February 3, 2020

Discover Zimbabwe’s Largest Game Reserve with Ama Waterways

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Chris Weatherhead

VP, Hotel Relations & Marketing

Rivers & Rails of Africa - From Cape Town to Johannesburg

Your African journey begins with a three-night stay in Cape Town where you’ll explore the Atlantic Seaboard including the Cape of Good Hope and an African penguin encounter.

African Penguins in Cape Town
African Penguins in Cape Town


You’ll also take a cableway up Table Mountain and then choose between a wine region tour or a visit to Robben Island that includes a cultural tour of Cape Town’s diverse neighborhoods.


Table Mountain Cape Town
Table Mountain in Cape Town

Next, fly to Kasane, Botswana for your four-night Zambezi Queen safari cruise on the Chobe River. Explore Chobe National Park, home to one of the densest populations of wildlife on the African continent. Then continue with two nights at the legendary Victoria Falls, one of the world’s great and impressive natural wonders.

Victoria Falls Bridge and Rovos Rail
Victoria Falls Bridge

From here, you will join the Rovos Rail. Enjoy a three-night luxurious train journey as you travel through approximately 1,000 miles of breathtaking scenery from Zimbabwe into South Africa.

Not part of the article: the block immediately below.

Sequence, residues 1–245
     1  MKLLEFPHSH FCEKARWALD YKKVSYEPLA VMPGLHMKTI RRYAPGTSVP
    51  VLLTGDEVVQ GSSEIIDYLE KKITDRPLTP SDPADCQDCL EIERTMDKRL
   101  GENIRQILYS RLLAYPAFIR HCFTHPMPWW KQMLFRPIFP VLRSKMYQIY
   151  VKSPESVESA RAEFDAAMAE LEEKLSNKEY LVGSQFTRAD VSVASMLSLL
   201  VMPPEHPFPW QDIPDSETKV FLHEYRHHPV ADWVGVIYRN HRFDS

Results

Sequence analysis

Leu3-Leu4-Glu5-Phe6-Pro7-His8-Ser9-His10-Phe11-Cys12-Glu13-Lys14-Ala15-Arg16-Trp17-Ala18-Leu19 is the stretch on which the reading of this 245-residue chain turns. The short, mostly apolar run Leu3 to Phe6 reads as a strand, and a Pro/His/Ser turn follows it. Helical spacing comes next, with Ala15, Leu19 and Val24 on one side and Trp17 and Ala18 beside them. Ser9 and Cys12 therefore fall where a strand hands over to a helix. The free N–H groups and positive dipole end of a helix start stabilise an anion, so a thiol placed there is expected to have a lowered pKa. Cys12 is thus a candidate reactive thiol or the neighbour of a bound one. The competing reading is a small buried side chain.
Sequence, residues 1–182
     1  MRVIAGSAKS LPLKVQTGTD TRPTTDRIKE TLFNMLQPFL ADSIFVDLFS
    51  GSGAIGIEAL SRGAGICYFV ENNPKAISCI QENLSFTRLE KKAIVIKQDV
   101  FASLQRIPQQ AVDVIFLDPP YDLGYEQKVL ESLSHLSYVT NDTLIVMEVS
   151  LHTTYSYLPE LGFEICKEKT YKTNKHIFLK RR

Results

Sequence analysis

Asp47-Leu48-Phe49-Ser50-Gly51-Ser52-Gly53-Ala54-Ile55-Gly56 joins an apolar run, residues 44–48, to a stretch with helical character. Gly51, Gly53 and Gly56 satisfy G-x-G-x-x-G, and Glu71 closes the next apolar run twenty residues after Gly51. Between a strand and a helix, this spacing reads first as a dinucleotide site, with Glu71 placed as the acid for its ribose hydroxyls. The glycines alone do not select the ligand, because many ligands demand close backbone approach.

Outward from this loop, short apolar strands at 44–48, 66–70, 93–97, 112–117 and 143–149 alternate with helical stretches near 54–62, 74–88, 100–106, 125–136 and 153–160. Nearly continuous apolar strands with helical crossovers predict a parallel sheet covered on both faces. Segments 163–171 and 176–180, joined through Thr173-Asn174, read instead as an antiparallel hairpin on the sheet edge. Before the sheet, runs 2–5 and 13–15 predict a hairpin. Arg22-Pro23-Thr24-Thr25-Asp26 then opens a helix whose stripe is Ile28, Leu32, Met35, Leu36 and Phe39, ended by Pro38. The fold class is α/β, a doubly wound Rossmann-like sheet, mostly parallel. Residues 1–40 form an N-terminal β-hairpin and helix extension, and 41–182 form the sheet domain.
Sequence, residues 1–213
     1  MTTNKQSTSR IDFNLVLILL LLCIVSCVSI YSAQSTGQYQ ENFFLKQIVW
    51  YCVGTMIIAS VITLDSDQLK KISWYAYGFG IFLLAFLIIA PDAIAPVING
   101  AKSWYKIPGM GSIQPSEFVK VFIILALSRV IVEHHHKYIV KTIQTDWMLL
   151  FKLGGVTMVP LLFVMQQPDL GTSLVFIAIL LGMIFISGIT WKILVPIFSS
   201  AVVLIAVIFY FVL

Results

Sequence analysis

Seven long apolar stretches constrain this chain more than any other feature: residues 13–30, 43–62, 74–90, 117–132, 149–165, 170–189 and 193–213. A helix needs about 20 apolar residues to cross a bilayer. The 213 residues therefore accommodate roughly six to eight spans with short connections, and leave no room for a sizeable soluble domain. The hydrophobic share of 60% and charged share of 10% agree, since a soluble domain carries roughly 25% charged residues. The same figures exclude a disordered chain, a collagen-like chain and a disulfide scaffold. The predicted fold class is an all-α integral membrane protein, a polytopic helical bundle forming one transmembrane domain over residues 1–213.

About Zimbabwe’s Largest Game Reserve

Hwange Game Reserve consists of an area of 5,600 square miles teeming with tens of thousands of elephants, buffalo, lions, leopards, rhinoceros, African wild dogs, cheetahs, spotted hyenas, wooly brown hyenas, over one hundred other different species of animals and four hundred species of birds.

Game Viewing in Hwange Nationalpark
Game Viewing in Hwange Nationalpark

Founded in 1928, all of Zimbabwe’s endangered species and protected animals are found in this one park. Over twenty thousand elephants roam through this wildlife haven, among a large pride of buffalo, zebra and lions and one of the world’s largest populations of the African wild dog.

Leopards, cheetahs, sable and roan antelopes, wildebeest, impala and spotted hyenas are also often spotted here. The gemsbok antelope and wild and woolly brown hyena roam through the park as well; it is the only protected area where these animals occur in reasonable numbers.

Bird lovers flock to the park too, particularly in the wetter seasons between November and April. Migratory birds from Europe and Northern Africa are present during this time while resident birds can often be seen nesting and in their colorful breeding plumage.

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